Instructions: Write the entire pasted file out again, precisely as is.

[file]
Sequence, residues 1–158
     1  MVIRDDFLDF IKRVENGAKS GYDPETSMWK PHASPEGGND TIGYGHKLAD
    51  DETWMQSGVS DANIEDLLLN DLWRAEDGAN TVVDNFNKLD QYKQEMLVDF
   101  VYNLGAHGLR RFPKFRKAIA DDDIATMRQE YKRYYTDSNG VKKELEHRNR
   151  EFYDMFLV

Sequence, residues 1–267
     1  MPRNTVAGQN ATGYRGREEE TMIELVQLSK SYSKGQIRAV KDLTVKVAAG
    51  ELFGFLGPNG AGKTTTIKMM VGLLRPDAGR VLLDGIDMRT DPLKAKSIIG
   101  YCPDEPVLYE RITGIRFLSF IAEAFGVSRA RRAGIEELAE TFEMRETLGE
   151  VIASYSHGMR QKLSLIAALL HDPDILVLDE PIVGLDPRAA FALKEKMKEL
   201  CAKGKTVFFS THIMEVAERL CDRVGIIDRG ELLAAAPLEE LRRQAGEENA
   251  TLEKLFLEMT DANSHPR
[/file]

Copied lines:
Sequence, residues 1–158
     1  MVIRDDFLDF IKRVENGAKS GYDPETSMWK PHASPEGGND TIGYGHKLAD
    51  DETWMQSGVS DANIEDLLLN DLWRAEDGAN TVVDNFNKLD QYKQEMLVDF
   101  VYNLGAHGLR RFPKFRKAIA DDDIATMRQE YKRYYTDSNG VKKELEHRNR
   151  EFYDMFLV

Sequence, residues 1–267
     1  MPRNTVAGQN ATGYRGREEE TMIELVQLSK SYSKGQIRAV KDLTVKVAAG
    51  ELFGFLGPNG AGKTTTIKMM VGLLRPDAGR VLLDGIDMRT DPLKAKSIIG
   101  YCPDEPVLYE RITGIRFLSF IAEAFGVSRA RRAGIEELAE TFEMRETLGE
   151  VIASYSHGMR QKLSLIAALL HDPDILVLDE PIVGLDPRAA FALKEKMKEL
   201  CAKGKTVFFS THIMEVAERL CDRVGIIDRG ELLAAAPLEE LRRQAGEENA
   251  TLEKLFLEMT DANSHPR